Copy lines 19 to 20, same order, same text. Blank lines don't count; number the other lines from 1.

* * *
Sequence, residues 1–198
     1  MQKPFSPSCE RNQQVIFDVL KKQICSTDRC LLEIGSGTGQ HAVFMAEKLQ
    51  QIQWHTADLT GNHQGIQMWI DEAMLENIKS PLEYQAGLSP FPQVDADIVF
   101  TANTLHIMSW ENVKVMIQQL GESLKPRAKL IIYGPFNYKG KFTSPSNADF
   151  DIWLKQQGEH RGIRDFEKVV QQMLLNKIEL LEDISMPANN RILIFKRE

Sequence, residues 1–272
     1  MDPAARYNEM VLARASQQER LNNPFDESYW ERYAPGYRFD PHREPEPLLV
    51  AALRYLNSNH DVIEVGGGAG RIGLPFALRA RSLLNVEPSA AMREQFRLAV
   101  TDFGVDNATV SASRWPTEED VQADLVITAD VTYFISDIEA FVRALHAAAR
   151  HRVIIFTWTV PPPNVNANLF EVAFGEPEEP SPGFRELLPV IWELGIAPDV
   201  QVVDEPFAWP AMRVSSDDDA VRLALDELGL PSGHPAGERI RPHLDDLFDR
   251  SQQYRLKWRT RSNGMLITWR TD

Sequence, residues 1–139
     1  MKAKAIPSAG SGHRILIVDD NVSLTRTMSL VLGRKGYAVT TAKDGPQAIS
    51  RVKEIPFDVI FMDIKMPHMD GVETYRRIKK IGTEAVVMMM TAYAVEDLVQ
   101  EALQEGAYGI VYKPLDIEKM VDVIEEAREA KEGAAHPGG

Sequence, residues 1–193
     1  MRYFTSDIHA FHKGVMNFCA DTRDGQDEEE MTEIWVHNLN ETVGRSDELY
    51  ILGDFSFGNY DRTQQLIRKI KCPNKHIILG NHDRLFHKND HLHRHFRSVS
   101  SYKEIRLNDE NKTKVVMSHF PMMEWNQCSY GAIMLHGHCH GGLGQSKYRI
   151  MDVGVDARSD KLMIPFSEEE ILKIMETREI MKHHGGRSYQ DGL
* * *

    51  ILGDFSFGNY DRTQQLIRKI KCPNKHIILG NHDRLFHKND HLHRHFRSVS
   101  SYKEIRLNDE NKTKVVMSHF PMMEWNQCSY GAIMLHGHCH GGLGQSKYRI